Channeling my inner Matisse, I sculpted a lovely round pizza crust. One smallish head of cauliflower equated to enough dough for a roughly 10-inch crust. I was hoping for a larger pizza, but had I pressed my crust a bit thinner to a scant ¼ inch, I might have been able to stretch it to a full 12-inch pie.


I baked the crust for 15 to 20 minutes until it started to brown, removed it to apply my sauce and toppings, and returned it to the oven to finish baking.

Once the cheese was bubbling and brown, I removed the pizza and let it cool. Secretly, I was worried the cauliflower needed to set further. I sliced into the pizza and realized my bread crumb trick only half worked. The bottom of the crust was not crispy like traditional dough — there was no crunch to it at all, in fact. Although the pizza lacked in texture, the slices held together nicely! I was able to remove a perfect quarter-pie without the slice collapsing.


I recommend avoiding fatty or processed protein toppings, as the natural oils from pepperoni or sausage will weigh down on the crust, but try thinly sliced lean ham or prosciutto if you're really hankering. Use your best judgment — since there's no dough to absorb those oils and fats or hold up the weight of meat, you risk ending up with cauliflower mush.

The verdict? It was delicious! The flavors were super-fresh and not at all heavy. A sprinkling of salt and some briny toppings, like anchovies and olives, were necessary to lend some dimension and balance to the overall taste profile. The cauliflower crust developed a creamy, delicate flavor that complemented the sweet tomato sauce. It would pair well with a pesto or even a thin layer of béchamel. It's not exactly pizza, but it is a light, health-conscious dish that, when dressed properly, is full of flavor, and I'd make it again.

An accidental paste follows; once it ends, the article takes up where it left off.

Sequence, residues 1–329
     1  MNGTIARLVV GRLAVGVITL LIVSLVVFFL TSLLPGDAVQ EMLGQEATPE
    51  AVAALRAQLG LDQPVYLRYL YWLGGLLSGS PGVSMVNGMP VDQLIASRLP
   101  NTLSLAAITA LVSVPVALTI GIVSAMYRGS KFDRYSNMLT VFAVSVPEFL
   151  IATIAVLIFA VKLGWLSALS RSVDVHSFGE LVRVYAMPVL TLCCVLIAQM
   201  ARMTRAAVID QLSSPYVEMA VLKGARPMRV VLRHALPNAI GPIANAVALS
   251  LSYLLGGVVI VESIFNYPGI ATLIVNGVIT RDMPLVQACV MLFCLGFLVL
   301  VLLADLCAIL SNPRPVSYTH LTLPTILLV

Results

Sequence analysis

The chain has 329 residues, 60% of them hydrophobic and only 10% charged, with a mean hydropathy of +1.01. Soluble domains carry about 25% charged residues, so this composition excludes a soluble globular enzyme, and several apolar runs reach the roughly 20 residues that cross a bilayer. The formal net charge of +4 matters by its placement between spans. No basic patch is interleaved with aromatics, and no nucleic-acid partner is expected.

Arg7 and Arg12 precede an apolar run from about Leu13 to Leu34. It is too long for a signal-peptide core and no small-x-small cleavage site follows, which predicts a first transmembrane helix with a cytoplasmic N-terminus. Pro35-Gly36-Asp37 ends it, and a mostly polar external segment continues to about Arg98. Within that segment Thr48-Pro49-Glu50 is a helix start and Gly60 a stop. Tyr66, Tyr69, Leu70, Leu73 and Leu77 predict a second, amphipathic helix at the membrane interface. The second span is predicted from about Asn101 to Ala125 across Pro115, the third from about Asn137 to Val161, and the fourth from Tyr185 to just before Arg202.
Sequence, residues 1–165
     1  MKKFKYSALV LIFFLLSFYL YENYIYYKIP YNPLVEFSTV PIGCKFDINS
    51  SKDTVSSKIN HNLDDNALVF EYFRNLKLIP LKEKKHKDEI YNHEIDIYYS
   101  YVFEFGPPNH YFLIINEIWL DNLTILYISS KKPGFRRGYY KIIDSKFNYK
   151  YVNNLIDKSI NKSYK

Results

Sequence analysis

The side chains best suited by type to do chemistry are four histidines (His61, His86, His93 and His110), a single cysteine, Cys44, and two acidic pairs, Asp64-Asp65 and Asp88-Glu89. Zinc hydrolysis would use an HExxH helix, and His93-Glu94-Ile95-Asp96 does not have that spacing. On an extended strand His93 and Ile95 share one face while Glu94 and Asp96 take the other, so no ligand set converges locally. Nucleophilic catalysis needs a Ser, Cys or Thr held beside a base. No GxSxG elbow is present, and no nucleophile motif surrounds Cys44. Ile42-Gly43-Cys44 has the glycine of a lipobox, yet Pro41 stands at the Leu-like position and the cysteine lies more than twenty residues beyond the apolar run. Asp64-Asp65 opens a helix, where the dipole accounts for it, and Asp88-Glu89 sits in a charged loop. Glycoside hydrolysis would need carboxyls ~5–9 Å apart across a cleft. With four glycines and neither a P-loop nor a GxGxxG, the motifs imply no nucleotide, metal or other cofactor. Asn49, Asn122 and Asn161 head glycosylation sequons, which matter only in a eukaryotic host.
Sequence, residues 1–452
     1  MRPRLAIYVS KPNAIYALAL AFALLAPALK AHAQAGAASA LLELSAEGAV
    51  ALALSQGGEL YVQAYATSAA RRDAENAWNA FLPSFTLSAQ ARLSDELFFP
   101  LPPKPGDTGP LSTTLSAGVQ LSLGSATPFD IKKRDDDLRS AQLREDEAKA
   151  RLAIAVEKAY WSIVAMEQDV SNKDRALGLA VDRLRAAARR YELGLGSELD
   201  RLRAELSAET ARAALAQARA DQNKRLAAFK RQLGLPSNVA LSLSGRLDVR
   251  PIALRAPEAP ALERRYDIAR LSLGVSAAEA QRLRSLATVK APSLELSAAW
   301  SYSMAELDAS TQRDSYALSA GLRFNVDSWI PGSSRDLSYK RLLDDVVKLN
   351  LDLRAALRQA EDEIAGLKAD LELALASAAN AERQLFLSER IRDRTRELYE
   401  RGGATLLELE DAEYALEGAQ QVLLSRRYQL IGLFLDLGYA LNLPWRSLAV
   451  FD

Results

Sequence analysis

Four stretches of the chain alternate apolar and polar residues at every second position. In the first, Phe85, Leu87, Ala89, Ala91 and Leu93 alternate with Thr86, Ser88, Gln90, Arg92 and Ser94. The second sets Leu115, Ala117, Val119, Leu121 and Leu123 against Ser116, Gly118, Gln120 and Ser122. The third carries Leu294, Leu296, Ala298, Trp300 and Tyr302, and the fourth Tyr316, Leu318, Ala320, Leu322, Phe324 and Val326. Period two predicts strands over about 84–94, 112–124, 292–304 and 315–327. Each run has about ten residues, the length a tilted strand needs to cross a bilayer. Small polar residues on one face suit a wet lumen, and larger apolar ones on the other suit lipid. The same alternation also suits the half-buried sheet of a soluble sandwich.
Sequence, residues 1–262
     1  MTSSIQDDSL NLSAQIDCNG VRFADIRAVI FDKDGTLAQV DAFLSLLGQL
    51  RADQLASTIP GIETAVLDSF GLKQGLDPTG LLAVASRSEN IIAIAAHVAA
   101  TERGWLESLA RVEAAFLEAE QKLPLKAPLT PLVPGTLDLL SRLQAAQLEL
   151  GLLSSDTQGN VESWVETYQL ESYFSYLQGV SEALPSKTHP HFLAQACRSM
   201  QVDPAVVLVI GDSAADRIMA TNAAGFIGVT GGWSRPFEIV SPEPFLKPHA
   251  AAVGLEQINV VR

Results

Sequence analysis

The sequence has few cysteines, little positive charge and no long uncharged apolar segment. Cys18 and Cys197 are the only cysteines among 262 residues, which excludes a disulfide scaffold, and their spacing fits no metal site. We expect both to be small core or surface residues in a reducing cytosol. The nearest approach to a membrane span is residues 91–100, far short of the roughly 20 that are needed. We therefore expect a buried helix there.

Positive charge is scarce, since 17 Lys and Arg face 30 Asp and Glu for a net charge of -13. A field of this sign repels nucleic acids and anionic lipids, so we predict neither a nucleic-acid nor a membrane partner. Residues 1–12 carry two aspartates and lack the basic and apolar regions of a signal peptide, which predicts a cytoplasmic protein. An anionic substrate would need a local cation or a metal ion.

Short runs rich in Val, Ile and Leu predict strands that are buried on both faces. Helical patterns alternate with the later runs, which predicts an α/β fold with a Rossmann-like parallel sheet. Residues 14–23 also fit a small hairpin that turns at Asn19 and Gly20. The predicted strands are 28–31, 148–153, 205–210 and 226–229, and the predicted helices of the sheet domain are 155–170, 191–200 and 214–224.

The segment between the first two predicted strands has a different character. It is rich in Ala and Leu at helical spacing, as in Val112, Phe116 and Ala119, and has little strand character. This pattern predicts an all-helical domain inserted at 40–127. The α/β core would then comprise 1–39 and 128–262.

Cauliflower Pizza Crust


  • 1 head of cauliflower, cleaned and broken down into florets
  • 1 egg, lightly beaten
  • ¼ cup plain gluten-free bread crumbs
  • 1 ½ cups shredded mozzarella, divided
  • Salt and pepper
  • Toppings, such as sliced olives, fresh basil, drained roasted red peppers
  • Directions

  • Preheat oven to 375°F.
  • Pulse florets in a food processor until broken down and the cauliflower resembles large, rice-like crumbles.
  • Blanch crumbles in a pot of boiling, well-salted water for roughly 4-5 minutes.
  • Using a mesh colander, strain cauliflower and let cool in strainer anywhere from 30 minutes to a few hours. *Steps 1-4 can be done in advance.
  • Once cauliflower has cooled enough to handle, carefully empty the cauliflower onto a clean dish towel. Bundle or roll the towel to collect the cauliflower crumbles and, working over a sink, wring out all excess moisture. You may need to unravel the towel and reposition the cauliflower onto a dry patch of towel before squeezing again. Wring out until very little moisture remains.
  • Transfer cauliflower to a large mixing bowl and combine with egg, salt and pepper, ¼ cup shredded cheese and bread crumbs. Gently fold together until incorporated. The mixture will not form together like a traditional dough ball, although it should be should be tacky (but not gooey or soupy in texture.)
  • Empty cauliflower mixture on a parchment-lined baking sheet and form into a round or square. Bake for 15-20 minutes until lightly browned.
  • Remove from oven, apply tomato sauce, remaining cheese and toppings, and return to oven for another 7-10 minutes or until cheese is bubbling and melted.
  • Remove, let cool slightly and enjoy with your hands, not a fork.